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Strategies, research, industry trends — your pulse on the marketplace
Strategies, research, industry trends — your pulse on the marketplace

This week, Vegas hosted the fourth annual Shoptalk conference at the Venetian Hotel. Over 8,000 attendees from brands, retailers, and vendors gathered together to “create the future of retail.” I attended Shoptalk in 2017, so I was excited to see how the conference and the retail industry as a whole had evolved since then. Between the fire dancers opening night, the busy exhibit floor, the keynotes from top industry leaders, and the lights and sounds of Vegas, it can be a lot to take in. To help distill everything down, here are our top three takeaways from Shoptalk 2019.

Retail isn’t dying, it’s evolving

Over the last few years, the news has been filled with headlines of big retailers closing and shoppers deserting stores for online. The rise of big players like Amazon has forced the entire industry to evolve quickly or die out.

President and CEO of Gap, Art Peck, said that Gap opened its first store in 1969 and went from that single store to a global fashion business with six brands over the past fifty years. Now, Gap is taking its historical retail model and flipping it on its head by closing 200+ stores that no longer make sense and opening new stores with an emphasis on solving access and service voids. For example, the company is implementing inventory tracking technology to reduce clearance items in store and deliver the right products to places with the most demand. Helena Foulkes, CEO of Hudson’s Bay Company, which includes retailers like Saks and Lord & Taylor, echoed this sentiment. The group is in the process of revamping stores and prioritizing personalization and localization online and in-store.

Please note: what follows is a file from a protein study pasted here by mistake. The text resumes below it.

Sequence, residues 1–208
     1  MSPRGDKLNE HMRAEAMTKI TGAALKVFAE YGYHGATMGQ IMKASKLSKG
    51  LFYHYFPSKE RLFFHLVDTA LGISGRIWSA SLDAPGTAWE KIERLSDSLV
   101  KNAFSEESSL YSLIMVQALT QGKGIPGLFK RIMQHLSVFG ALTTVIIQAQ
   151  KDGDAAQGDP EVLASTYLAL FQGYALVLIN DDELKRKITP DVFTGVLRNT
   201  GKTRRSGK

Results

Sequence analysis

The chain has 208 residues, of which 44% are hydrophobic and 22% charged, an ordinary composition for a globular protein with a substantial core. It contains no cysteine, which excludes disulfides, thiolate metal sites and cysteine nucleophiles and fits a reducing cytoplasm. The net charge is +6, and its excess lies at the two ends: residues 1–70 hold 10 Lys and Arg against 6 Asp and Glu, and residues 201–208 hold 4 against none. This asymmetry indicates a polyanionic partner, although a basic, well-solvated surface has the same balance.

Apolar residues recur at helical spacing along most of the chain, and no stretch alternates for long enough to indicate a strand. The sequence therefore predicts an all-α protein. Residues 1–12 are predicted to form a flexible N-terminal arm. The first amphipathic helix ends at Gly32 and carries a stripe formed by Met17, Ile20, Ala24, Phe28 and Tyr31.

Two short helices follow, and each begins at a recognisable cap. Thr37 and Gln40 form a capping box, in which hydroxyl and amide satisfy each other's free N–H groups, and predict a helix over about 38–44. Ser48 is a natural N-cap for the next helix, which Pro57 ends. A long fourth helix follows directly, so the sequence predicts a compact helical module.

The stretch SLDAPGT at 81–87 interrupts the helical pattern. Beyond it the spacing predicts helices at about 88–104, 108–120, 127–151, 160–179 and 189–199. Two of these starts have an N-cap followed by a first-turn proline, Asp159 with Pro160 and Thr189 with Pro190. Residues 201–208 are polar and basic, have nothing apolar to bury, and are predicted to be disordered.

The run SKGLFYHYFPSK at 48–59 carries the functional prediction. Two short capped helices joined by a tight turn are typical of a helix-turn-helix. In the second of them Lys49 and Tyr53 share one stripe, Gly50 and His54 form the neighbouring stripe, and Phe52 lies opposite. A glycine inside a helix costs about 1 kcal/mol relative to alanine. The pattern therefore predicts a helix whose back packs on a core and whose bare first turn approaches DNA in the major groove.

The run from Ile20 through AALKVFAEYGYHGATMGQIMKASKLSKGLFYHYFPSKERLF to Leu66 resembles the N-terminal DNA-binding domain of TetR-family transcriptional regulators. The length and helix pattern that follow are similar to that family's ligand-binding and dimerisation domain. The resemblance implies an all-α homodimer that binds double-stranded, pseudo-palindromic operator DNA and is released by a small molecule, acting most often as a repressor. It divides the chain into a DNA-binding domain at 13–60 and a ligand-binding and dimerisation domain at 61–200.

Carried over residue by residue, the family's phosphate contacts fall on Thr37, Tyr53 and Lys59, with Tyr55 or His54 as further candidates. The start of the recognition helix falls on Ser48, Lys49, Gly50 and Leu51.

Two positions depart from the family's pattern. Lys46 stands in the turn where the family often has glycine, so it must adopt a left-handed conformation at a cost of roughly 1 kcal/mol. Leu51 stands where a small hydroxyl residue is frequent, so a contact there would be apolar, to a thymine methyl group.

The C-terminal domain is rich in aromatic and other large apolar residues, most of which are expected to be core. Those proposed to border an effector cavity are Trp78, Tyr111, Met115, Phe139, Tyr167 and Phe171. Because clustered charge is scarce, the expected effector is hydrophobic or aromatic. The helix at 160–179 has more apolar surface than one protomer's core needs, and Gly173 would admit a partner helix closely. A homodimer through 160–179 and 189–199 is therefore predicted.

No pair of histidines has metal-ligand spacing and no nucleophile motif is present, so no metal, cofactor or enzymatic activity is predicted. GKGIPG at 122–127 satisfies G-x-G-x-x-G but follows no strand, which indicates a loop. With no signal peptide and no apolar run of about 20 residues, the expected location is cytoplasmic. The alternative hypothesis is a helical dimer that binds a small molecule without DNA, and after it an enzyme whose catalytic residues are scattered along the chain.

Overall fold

Numerous examples were given over the course of the conference of ways in which brands and retailers have pivoted their retail strategy to adjust to changes in consumer shopping behavior and technology innovations.

The experience economy is booming